If you think about it, a similar situation could be nasty: You have written your program (thousands of lines long instead of the few 4 of this example), you start to gather some users, some of them even from non-English speaking countries with more exotic names. Everything is okay, until one of these users decides to create a file that users with more prosaic name can create without any problem. Now your code will throw an error, the server might answer every request from this user with a error 500, and you’ll need to dig in the codebase to understand why suddenly these errors are appearing.

How does Python 3 help us with this? If you try to execute the same script, you’ll discover that Python is able to detect right away when you’re about to execute a dangerous operation. Even without files with peculiar names and/or created by peculiar users, you’ll receive right away an exception like:

`TypeError: Can't convert 'bytes' object to str implicitly`

Related to line:

print(owner + ': ' + node)

The error message is even more easy to understand, in my opinion. The str object is owner, and node is a bytes object. Knowing this, it’s obvious that the problem is due to the fact that listdir is returning us a list of bytes objects.

A detail that not everybody knows is that listdir returns a list of bytes objects or unicode strings depending on the type of the object that was used as input. I avoided using listdir('.') exactly to obtain the same behavior on Python 2 and Python 3, otherwise on Python 3 this would’ve been an unicode string that would’ve made the bug disappear.

If we try to change a single character, from listdir(b'.') to listdir(u'.') we’ll be able to see how the code now works on both Python 3 and Python 2. For completeness, we should also change 'dario' to u'dario'.

This difference in the behavior between Python 2 and Python 3 is however supported by a radical difference in how the two versions handle string types, a difference that is mainly perceived when porting from one version to the other.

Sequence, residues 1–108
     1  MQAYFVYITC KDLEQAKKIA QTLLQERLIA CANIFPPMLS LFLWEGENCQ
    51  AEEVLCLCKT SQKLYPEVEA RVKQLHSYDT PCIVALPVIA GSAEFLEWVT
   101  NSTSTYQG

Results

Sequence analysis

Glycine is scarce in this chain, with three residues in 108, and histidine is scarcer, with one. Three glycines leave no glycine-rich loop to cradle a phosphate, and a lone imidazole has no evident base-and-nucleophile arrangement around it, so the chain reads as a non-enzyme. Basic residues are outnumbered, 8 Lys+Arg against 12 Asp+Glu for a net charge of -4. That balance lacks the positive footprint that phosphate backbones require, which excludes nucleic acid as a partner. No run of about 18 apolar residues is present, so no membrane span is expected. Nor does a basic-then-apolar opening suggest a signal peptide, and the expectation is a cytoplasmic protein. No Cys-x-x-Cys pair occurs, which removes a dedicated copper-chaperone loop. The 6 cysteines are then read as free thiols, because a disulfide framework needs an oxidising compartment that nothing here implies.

In my opinion, this situation is emblematic of the maxim: “splitters can be lumped more easily than lumpers can be split”. What was lumped together in Python 2 (unicode strings and default strings of byte, which could be freely coerced together) has been split in Python 3.

Tools for Automated Conversion

For this reason tools like 2to3, even if well written and extremely useful to automate the conversion of every other difference, have some limitations. With the bytes/unicode split the difference in behavior surfaces at runtime, and a tool that can only do parsing/static analysis thus won’t be able to save you if you have a huge Python 2 codebase that mixes these two types. You’ll have to roll up your sleeves and properly design your API to decide if functions that until now accepted indiscriminately any type of strings should now work only with some of these (and which ones). Conversely, though getting a lot less use, tools of conversion from Python 3 to Python 2 have much easier life. Let’s see an example:

Sometime ago, I wrote a toy HTTP server (only dependency: python-magic), and this is the version for Python 2 (automatically converted from the Python 3 one without any need for manual changes):

Now, if you want you can have a look directly at the code converted to Python 3 with 2to3, or you can convert it directly on your system. When trying to execute it you’ll realize how every error that you can try to fix by hand is related to the bytes/unicode split.

You can manually apply changes like these:

And thus, you get your program working again on Python 3. These are not complex changes, but they require nonetheless to reason on which data types your functions are working upon, and on the control flow. It’s 13 lines of changes out of 120, a ratio not too easy to handle: with thousands of lines of code to port, you could easily end up with hundreds to modify.

If you’re curious, you could then try to convert this code that you just brought to Python 3 back to Python 2. Using 3to2 you’d obtain this: In which the only change that had to be applied manually is .encode('utf-8') at line 55.

Starting from Python 3 (if you’ll ever need to convert it back to Python 2), it’s much easier. But if you need to have your code working on another version, a complete conversion like this is not the best choice. It’s much better to maintain compatibility with both versions of Python. To do that you can rely on tools like futurize.

Python 3 Is Not Just About Unicode

Even if you don’t have the chance to use Python 3 in production (maybe one of the libraries that you’re using is bulky and compatible with Python 2 only), I’d suggest for you to keep your code compatible with Python 3. You could even stub/mock out the incompatible libraries, just so that you could run continuously your tests on both versions. This will make it easier for you when in the future you’ll finally be ready to migrate to Python 3, not to mention how it can help you in better design your API, or to identify errors like in the example at the beginning of this post.